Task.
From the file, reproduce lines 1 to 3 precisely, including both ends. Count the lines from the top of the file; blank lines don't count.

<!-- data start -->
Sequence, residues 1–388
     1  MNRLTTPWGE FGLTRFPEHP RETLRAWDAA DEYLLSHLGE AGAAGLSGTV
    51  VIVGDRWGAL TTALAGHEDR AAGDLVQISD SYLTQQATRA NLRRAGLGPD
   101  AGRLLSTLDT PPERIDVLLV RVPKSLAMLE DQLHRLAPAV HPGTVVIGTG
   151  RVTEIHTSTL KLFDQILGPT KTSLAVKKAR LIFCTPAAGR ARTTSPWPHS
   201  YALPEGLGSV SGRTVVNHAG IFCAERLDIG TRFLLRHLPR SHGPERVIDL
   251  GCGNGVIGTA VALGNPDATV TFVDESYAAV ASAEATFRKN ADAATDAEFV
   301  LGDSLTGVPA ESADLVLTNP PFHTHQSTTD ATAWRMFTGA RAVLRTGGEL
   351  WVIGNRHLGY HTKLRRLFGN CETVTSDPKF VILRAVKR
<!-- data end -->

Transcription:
Sequence, residues 1–388
     1  MNRLTTPWGE FGLTRFPEHP RETLRAWDAA DEYLLSHLGE AGAAGLSGTV
    51  VIVGDRWGAL TTALAGHEDR AAGDLVQISD SYLTQQATRA NLRRAGLGPD